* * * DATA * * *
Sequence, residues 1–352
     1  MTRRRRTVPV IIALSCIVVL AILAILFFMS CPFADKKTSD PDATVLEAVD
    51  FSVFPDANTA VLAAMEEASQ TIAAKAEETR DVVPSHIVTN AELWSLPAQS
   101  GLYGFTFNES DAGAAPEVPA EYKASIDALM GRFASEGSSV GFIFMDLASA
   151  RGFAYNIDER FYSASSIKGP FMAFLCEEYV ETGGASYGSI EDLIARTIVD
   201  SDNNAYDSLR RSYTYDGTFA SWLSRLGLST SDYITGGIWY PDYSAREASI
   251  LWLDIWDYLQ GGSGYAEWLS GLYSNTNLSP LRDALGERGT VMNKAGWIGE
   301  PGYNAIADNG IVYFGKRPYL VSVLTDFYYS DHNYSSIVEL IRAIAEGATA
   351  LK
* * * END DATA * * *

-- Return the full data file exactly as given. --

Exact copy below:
Sequence, residues 1–352
     1  MTRRRRTVPV IIALSCIVVL AILAILFFMS CPFADKKTSD PDATVLEAVD
    51  FSVFPDANTA VLAAMEEASQ TIAAKAEETR DVVPSHIVTN AELWSLPAQS
   101  GLYGFTFNES DAGAAPEVPA EYKASIDALM GRFASEGSSV GFIFMDLASA
   151  RGFAYNIDER FYSASSIKGP FMAFLCEEYV ETGGASYGSI EDLIARTIVD
   201  SDNNAYDSLR RSYTYDGTFA SWLSRLGLST SDYITGGIWY PDYSAREASI
   251  LWLDIWDYLQ GGSGYAEWLS GLYSNTNLSP LRDALGERGT VMNKAGWIGE
   301  PGYNAIADNG IVYFGKRPYL VSVLTDFYYS DHNYSSIVEL IRAIAEGATA
   351  LK